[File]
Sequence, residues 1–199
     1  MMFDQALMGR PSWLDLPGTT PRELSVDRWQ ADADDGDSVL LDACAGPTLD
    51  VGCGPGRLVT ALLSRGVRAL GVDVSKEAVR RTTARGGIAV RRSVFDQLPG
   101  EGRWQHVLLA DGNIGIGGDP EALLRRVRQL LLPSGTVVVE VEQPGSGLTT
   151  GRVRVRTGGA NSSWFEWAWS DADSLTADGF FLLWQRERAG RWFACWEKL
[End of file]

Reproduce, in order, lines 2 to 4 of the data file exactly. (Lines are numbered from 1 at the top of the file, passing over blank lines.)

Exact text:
     1  MMFDQALMGR PSWLDLPGTT PRELSVDRWQ ADADDGDSVL LDACAGPTLD
    51  VGCGPGRLVT ALLSRGVRAL GVDVSKEAVR RTTARGGIAV RRSVFDQLPG
   101  EGRWQHVLLA DGNIGIGGDP EALLRRVRQL LLPSGTVVVE VEQPGSGLTT